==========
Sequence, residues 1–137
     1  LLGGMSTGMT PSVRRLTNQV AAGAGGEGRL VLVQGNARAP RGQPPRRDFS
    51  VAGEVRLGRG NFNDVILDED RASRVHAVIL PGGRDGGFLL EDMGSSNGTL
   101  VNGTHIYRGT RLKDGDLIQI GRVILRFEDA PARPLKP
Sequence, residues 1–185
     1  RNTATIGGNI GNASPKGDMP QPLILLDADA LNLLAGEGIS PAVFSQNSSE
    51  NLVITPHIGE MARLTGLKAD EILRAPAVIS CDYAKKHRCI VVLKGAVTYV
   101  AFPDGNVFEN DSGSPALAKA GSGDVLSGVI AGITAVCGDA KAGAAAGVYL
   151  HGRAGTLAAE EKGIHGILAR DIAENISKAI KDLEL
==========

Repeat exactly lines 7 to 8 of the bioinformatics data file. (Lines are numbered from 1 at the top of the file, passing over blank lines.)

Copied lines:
    51  NLVITPHIGE MARLTGLKAD EILRAPAVIS CDYAKKHRCI VVLKGAVTYV
   101  AFPDGNVFEN DSGSPALAKA GSGDVLSGVI AGITAVCGDA KAGAAAGVYL